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Hormones

, Volume 12, Issue 2, pp 160–171 | Cite as

Serum and glucocorticoid inducible kinase, metabolic syndrome, inflammation, and tumor growth

  • Florian Lang
  • Christos Stournaras
Review

Abstract

Serum-and-glucocorticoid-inducible-kinase-1 (SGK1) is under regulation of several hormones, mediators and cell stressors. More specifically, SGK1 expression is particularly sensitive to glucocorticoids, mineralocorticoids, and TGFβ. Moreover, SGK1 expression is exquisitely sensitive to hypertonicity, hyperglycemia, and ischemia. SGK1 is activated by insulin and growth factors via phosphatidylinositol-3-kinase, 3-phosphoinositide dependent-kinase PDK1, and mTOR. SGK1 up-regulates the Na+/K+-ATPase, a variety of carriers (e.g. NCC, NKCC, NHE1, NHE3, SGLT1, several amino acid transporters) and many ion channels (e.g. ENaC, SCN5A, TRPV4-6, Orai1/STIM1, ROMK, KCNE1/KCNQ1, GluR6, CFTR). SGK1 further up-regulates a number of enzymes (e.g. glycogen-synthase-kinase-3, ubiquitin-ligase Nedd4-2), and transcription factors (e.g. forkhead-transcription-factor FOXO3a, β-catenin, nuclear-factor-kappa-B NFϰB). SGK1 sensitive functions contribute to regulation of epithelial transport, excitability, degranulation, matrix protein deposition, coagulation, platelet aggregation, migration, cell proliferation, and apoptosis. Apparently, SGK1 is not required for housekeeping functions, as the phenotype of SGK1 knockout mice is mild. However, excessive SGK1 expression and activity participates in the pathophysiology of several disorders, including hypertension, obesity, diabetes, thrombosis, stroke, inflammation, autoimmune disease, fibrosis, and tumor growth. A SGK1 gene variant (prevalence ∼3–5% prevalence in caucasians, ∼10% in Africans) predisposes to hypertension, stroke, obesity, and type 2 diabetes. Moreover, excessive salt intake and/or excessive release of glucocorticoids, mineralocorticoids, and TGFβ up-regulates SGK1 expression thus predisposing to SGK1-related diseases.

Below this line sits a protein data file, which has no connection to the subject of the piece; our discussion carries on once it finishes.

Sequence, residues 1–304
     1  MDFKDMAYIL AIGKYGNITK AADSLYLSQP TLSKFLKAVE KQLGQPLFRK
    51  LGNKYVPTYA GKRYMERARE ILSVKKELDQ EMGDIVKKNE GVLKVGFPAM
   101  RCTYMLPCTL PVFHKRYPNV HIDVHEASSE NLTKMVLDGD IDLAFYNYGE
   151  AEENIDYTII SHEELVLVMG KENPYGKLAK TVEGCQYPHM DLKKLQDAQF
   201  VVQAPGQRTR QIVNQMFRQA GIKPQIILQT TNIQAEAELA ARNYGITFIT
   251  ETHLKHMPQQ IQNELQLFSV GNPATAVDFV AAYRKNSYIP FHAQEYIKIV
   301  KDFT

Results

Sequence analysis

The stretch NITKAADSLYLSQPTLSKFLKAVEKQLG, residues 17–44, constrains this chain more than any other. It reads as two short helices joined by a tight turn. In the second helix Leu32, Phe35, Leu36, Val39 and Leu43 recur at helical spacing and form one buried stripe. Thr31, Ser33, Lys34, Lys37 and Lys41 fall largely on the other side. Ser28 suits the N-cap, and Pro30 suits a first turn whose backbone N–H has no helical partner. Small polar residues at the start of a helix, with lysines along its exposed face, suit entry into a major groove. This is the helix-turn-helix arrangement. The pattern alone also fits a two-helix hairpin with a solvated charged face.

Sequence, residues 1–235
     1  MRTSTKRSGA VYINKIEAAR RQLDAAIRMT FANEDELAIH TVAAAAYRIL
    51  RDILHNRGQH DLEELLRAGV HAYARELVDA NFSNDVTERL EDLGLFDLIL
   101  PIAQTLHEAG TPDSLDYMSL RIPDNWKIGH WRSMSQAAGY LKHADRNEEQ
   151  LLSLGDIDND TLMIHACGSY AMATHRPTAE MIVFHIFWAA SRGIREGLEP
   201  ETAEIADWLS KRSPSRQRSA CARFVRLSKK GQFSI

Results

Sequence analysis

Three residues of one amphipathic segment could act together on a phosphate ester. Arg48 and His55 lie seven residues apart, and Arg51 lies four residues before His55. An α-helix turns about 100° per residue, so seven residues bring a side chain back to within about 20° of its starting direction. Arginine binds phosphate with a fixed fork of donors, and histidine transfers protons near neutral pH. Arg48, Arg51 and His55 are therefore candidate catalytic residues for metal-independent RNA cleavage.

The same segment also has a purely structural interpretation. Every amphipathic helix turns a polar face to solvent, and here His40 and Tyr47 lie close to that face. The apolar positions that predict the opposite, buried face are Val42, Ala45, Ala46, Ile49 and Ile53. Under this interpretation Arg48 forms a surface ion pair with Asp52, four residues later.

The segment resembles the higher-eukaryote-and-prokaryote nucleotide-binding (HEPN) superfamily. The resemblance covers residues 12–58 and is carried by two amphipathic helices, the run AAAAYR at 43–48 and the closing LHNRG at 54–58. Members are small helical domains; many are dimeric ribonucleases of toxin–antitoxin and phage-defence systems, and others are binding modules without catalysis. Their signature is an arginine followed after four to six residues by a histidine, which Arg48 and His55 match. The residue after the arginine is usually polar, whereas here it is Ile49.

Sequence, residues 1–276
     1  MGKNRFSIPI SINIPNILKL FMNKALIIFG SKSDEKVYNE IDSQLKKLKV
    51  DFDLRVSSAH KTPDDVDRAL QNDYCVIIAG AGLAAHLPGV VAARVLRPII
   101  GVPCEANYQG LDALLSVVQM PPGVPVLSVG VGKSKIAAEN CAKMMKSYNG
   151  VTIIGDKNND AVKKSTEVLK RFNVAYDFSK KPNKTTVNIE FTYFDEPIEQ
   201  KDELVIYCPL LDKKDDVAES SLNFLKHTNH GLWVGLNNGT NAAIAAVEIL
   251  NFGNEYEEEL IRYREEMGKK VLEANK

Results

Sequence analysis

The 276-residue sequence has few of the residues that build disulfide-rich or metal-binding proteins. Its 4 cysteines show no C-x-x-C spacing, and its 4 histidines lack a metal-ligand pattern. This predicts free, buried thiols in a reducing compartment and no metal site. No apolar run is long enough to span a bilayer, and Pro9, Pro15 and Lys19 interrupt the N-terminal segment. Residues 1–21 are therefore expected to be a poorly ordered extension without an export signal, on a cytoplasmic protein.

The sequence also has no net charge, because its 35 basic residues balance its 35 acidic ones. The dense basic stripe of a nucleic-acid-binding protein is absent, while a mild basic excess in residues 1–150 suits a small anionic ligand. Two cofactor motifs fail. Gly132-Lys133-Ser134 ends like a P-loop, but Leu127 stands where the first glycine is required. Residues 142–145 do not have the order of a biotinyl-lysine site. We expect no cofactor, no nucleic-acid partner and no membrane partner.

Key words

Diabetes Hypertension Fibrosis Obesity Stroke Thrombosis Tumor growth 

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Copyright information

© Hellenic Endocrine Society 2013

Authors and Affiliations

  1. 1.Department of PhysiologyUniversity of TübingenTübingenGermany
  2. 2.Department of BiochemistryUniversity of Crete, School of MedicineHeraklion, CreteGreece

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